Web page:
- Consider placing your microwave near a table, so you can move the items quickly from the microwave to the table.
- If you have a fire in the microwave, do not open the door. Turn the microwave off. Call 911 or your local emergency number. Before you use the microwave again, have it serviced to make sure it works properly.
- Smoking and smoking materials are the number one cause of fatal home fires. If you smoke, you and your family are at greater risk for fire, burns, and death.
- Never smoke in bed. If a cigarette fire starts in your bed, you are too close to the fire and may not be able to escape.
- Never leave a lit cigarette. Put it out.
- Do not smoke when drinking alcohol or taking prescription medication that makes you drowsy.
- Do not smoke in carpeted areas.
- Do not smoke in upholstered chairs. Smoke at a table. Do not use a tablecloth. Keep flammable items (such as napkins) away.
- Keep the smoking area free of clutter.
- Keep lighters and matches where children cannot get them.
- Always use ashtrays that are deep and will not tip over.
- Only use ashtrays to dispose of cigarettes. Do not put trash in them.
- Do not overfill ashtrays.
- Before you dump cigarette butts in a trash can, pour water on the butts.
- Never smoke in areas where oxygen is being used.
- Always trim the wicks to 1/4 of an inch before you light them. Long wicks create more smoke, create higher flames, and cause candles to burn unevenly.
- Always put candles on a holder that will not burn. Move them away from things that can burn (curtains, furniture).
- Put candles in sturdy holders that are big enough to collect wax and will not tip over.
- Keep candles at least 4 inches apart. If they are too close together, they may melt each other’s wax or burn improperly.
- Make sure that children or pets cannot reach candles or knock them over.
- No burning candle is safe. Never leave candles unattended. Even jar candles are unsafe because the jar can break and the wick can ignite other materials.
- Blow out candles when you leave a room.
- Do not use candles in your bedroom. You may fall asleep and forget about them. About half of all home fires that involve candles start in the bedroom.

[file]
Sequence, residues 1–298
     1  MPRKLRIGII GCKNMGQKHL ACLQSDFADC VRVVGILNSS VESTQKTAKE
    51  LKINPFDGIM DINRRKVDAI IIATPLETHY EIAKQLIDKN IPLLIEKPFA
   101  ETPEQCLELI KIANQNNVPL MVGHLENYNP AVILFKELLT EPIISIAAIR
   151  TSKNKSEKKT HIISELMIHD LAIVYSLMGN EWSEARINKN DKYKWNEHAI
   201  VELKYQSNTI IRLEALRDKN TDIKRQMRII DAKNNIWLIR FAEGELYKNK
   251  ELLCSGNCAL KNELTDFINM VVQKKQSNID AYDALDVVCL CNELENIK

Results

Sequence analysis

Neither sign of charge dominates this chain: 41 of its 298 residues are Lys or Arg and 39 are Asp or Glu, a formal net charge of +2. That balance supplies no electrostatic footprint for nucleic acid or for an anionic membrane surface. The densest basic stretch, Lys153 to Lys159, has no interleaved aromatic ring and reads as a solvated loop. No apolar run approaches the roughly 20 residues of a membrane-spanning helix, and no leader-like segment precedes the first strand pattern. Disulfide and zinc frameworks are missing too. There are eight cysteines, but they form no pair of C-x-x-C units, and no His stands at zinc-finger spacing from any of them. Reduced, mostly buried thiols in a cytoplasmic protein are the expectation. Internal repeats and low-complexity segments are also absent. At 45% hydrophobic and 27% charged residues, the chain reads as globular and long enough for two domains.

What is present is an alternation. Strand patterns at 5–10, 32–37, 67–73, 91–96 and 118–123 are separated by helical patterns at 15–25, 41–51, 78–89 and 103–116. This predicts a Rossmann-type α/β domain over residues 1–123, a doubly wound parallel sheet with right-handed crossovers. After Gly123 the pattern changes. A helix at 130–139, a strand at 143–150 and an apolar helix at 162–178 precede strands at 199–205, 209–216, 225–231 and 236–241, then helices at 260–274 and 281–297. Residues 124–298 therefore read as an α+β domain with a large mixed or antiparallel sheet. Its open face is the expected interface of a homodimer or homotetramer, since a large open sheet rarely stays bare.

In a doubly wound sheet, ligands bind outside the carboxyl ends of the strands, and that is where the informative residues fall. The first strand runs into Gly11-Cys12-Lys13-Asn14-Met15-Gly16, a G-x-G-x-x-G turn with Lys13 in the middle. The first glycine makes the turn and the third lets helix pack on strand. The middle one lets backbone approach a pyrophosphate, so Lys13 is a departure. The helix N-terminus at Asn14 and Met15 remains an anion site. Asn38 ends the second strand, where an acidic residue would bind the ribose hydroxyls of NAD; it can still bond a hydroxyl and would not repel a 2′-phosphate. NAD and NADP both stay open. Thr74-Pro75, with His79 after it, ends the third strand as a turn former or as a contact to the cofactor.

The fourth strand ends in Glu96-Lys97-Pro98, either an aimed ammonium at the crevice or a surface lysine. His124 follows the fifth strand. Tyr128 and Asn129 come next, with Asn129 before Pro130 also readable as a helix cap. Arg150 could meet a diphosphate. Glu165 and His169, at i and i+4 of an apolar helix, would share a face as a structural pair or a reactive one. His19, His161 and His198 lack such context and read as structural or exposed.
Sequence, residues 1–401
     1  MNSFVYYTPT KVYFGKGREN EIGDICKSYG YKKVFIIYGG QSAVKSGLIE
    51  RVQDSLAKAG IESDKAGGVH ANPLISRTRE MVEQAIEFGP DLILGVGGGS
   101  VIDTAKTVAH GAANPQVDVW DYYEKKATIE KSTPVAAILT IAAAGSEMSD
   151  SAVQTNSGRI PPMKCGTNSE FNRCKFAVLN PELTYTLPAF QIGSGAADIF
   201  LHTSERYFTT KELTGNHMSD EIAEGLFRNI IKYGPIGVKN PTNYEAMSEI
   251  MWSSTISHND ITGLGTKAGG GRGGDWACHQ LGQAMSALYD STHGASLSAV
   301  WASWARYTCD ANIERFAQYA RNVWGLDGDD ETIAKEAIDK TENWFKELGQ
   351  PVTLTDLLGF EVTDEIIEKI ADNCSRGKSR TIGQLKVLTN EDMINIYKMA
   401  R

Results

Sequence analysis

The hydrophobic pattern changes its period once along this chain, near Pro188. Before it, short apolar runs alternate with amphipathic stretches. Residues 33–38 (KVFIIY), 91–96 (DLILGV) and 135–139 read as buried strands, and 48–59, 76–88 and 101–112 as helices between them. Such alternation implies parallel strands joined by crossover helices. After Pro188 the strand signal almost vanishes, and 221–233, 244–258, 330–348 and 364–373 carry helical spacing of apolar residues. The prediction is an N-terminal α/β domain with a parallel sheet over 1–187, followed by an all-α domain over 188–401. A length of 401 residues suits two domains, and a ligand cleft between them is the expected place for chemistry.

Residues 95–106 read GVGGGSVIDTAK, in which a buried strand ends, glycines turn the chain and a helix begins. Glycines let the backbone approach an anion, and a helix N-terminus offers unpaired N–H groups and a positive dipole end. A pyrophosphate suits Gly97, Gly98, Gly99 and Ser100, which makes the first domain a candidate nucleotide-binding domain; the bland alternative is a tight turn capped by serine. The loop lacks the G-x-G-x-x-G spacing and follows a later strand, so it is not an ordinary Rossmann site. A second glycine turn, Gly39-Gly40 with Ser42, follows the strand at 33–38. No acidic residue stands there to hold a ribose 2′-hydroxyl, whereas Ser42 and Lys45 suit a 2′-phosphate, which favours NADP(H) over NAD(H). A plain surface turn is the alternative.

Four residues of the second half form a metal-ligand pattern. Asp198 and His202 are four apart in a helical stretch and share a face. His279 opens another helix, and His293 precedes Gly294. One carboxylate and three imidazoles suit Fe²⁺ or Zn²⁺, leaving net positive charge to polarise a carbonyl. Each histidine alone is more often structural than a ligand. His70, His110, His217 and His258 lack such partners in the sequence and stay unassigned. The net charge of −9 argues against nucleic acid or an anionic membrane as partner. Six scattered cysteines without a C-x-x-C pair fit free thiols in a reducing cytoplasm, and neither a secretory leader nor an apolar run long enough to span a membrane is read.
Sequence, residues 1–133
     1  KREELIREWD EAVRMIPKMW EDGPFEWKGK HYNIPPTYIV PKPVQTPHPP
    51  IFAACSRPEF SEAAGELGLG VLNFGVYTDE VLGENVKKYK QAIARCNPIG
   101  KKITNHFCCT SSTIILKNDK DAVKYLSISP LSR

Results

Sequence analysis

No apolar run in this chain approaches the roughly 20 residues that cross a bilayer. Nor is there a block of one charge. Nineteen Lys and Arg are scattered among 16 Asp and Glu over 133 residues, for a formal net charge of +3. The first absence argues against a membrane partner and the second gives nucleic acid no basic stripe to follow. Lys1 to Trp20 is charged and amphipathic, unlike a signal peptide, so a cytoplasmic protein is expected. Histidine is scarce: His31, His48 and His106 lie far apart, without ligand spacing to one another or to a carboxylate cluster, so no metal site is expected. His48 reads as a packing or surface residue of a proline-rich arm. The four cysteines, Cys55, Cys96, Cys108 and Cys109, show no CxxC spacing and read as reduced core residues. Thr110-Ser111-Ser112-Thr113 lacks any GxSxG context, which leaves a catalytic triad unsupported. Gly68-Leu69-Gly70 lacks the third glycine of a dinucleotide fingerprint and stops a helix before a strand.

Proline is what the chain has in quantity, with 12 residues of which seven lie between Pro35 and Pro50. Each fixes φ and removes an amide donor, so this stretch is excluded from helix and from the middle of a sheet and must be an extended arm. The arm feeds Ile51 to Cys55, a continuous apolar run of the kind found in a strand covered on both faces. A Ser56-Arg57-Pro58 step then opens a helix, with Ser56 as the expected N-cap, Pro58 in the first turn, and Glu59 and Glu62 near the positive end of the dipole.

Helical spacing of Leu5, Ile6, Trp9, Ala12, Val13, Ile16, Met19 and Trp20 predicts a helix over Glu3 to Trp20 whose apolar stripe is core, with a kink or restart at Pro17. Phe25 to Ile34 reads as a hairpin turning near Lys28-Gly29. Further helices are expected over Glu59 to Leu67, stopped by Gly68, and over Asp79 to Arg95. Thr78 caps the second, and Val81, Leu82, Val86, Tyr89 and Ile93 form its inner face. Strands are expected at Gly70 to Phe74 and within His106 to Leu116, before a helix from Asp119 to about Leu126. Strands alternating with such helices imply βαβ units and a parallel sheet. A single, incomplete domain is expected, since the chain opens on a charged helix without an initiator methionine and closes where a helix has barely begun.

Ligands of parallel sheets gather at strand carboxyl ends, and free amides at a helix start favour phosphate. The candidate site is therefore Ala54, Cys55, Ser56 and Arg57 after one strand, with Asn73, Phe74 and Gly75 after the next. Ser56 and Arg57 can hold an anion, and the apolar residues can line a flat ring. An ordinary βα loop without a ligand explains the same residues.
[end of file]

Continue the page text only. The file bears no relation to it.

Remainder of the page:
- If the electricity goes out, always use a flashlight, not a candle.
- Immediately unplug any appliances that spark, smell unusual, or overheat. Replace them or have them repaired.
- Be careful of cords. Do not run over electrical cords with your wheelchair or scooter. You can damage these cords.
- When an electrical cord frays or cracks, replace it.
- Do not put electrical cords or wires under rugs.
- If you use an extension cord, unroll it all the way to keep it from retaining heat. Do not leave it coiled in any way.
- Make sure that lamps and night lights do not touch any fabrics or furniture.
- If you have young children in your home, cover the unused outlets with plastic covers.
- Do not overload outlets.
- Make sure that you place plugs in the proper type of outlet.
- Polarized plugs (one prong is wider than the other) require polarized outlets.
- Three-prong plugs require outlets with three holes to properly ground the plug.
- Never force a plug into an outlet when it will not fit.
- Make sure the area where you charge your wheelchair battery is well-ventilated and clear of debris.
- If a fuse blows or a circuit breaker trips, do not just replace or reset it. Find out what is overloading the system, and correct the problem. If the overload is not readily apparent, have a licensed electrician check out the circuit.
- Keep anything that can burn at least 3 feet away from heat sources.
- Do not wear loose-fitting clothes near open flames.
- Use old, dry wood in your fireplace. New or wet wood is more dangerous.
- Use a fire screen.
- Every year, at the beginning of winter, inspect your chimney for cracks or obstructions.
- Once a year, have a professional clean your fireplace.
- Space heaters are a fire risk.
- Use only space heaters with a UL label.
- Make sure that your space heater has an automatic switch to turn it off if it falls over.
- Give your space heater 3 feet of space in all directions.
- Keep furniture, bedding, and clothes 3 feet away from space heaters.
- Use the space heater for short periods of time.
- Do not go to bed with the space heater on.
- Always unplug your space heater when not in use.
- You are the expert on your abilities and needs. If you know what to do in a fire, you can lower your risk.
- Install a smoke alarm in your home. Test it every month. Change it every 10 years.
- Practice your escape plan every six months. Make changes as needed. Put it where you can see it.
- Be safe around the house. Reduce home fire risks.
Fire Safety Solutions for Oklahomans with Disabilities is funded by the Department of Homeland Security and the United States Fire Administration Fire Prevention and Safety Assistance to Firefighters Grant.